In the last few years, Portlanders have grown accustomed to hearing the city's real estate scene described as "red hot." Some even throw around phrases like "out of control." And it's true that values have rocketed up as properties change hands like mad; according to one tally, Portland saw its second-highest-volume real-estate year ever in 2006, with $10.4 billion in sales. When mock Tudors in North Portland hit the market at more than a half-mil, it's easy to get depressed and start searching for stuff in Oklahoma.

Take heart. The median price for the whole metro area finished '06 at $270,000—steeper than the national figure of $220,000 but still about half of California's median. The average Southeast Portland pad sold for about $235,000 last year. That means there are still relative bargains out there. We pored over and scouted properties listed at $250,000 or less. These particular spots were all on the market in mid-March. They might be long gone by the time you're reading this, but this list should give you a rough feel for what to expect (hope for?) on the warpath.

What you get: Radiant heat, a fireplace, water filtration and a fenced, private back yard. It's like your grandmother's house.
Neighborhood: Vernon. On a quiet street smack dab in between Northeast and North Portland, near Lombard Street and Martin Luther King Jr. Boulevard.
Square feet: 888
Year built: 1950

What you get: The rooms are small, but the garage is big.
Neighborhood: South Tabor. Sure, it's a little far out, and sure, one of the neighborhood boundaries is 82nd Avenue. But the streets are quiet and surprisingly homey.
Square feet: 1,130
Year built: 1905

What you get: The upside to a small condo is that you have more reason to get out and explore. And when you do, you can marvel at the Spanish-inspired exterior of the building.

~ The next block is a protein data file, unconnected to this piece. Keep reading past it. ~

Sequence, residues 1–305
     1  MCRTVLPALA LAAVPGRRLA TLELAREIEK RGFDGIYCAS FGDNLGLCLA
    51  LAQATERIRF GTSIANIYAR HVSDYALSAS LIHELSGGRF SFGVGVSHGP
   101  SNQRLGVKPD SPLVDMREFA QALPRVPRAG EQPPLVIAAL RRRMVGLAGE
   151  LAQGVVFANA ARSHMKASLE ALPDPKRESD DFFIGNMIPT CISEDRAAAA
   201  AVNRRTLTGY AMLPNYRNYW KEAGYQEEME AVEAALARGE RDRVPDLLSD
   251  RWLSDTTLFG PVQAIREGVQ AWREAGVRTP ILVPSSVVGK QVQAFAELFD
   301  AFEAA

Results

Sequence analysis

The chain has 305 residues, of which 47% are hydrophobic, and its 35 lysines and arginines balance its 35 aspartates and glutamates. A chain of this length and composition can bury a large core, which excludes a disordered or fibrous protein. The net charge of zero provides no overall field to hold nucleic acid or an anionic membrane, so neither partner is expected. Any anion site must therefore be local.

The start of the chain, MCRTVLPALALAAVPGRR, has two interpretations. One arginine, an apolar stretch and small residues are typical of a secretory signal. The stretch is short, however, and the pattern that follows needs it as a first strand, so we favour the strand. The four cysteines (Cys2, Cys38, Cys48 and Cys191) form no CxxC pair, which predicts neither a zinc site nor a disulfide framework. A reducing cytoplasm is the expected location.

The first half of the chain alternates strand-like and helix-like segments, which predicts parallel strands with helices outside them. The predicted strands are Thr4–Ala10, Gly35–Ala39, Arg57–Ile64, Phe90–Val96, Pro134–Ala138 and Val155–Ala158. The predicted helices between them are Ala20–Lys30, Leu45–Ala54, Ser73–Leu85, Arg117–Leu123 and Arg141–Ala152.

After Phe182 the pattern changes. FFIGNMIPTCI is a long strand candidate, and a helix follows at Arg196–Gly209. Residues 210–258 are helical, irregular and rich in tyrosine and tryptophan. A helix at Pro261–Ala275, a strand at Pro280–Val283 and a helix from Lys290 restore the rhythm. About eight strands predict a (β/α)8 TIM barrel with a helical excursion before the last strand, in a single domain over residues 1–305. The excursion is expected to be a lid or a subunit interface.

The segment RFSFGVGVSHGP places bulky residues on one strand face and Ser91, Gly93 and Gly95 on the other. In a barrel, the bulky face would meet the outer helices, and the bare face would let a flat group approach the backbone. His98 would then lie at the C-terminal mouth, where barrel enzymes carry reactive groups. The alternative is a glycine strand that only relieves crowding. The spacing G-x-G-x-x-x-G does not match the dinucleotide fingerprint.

Neighborhood: Sunnyside. Just blocks from both the Belmont and the Hawthorne shopping districts and all of their bars and quirky shops. There's a reason there aren't any affordable houses in the area.
Square feet: 700
Year built: 1927

What you get: Making up for an unimpressive lot, this small, single-level ranch house has a nicely finished interior, a large utility room, a shop and a garage.
Neighborhood: Sellwood, home to antiques, boutiques and the biggest sushi rolls in Portland (Saburo's).
Square feet: 752
Year built: 1947

What you get: Old apartment buildings converted into condo units pack a bit more charm than the cookie-cutter affairs in the Pearl; this one has hardwood floors and a patio.
Neighborhood: Northwest Portland. For all of its faults (abysmal parking, snooty shoppers, drunken kids on the weekends), this enclave is actually a pretty nice place to live.Square feet: 552
Year built: 1909

What you get: A newish townhouse with a bay window in the living room, three bedrooms and parking in the back of the lot.
Neighborhood: Boise. Not far from Mississippi Avenue shopping, the neighborhood has a quiet feel that belies its proximity to Martin Luther King Jr. Boulevard and Interstate 5.
Square feet: 1,140
Year built: 1995

What you get: Slightly awkward frontage hides both the useful (two bedrooms and an office) and the sublime (a staggering vine-covered yard with bricked pathways).
Neighborhood: Brooklyn, split by railroad tracks and Powell Boulevard, sports the rough-and-tumble feel of what Southeast Portland used to be: grungy bars, bizarre bookstores and cheapo Asian restaurants.
Square feet: 2,012
Year built: 1911

What you get: A two-story townhouse in posh West Hills is apparently more affordable than you would think. This one has a large deck overlooking downtown, slate floors and an impressive tiled bathroom.
Neighborhood: West Hills. There's a surprising amount of charm in the winding roads around Broadway and Patton Road, including a smattering of neighborhood haunts and a bustling grocery store.
Square feet: 867
Year built: 1968

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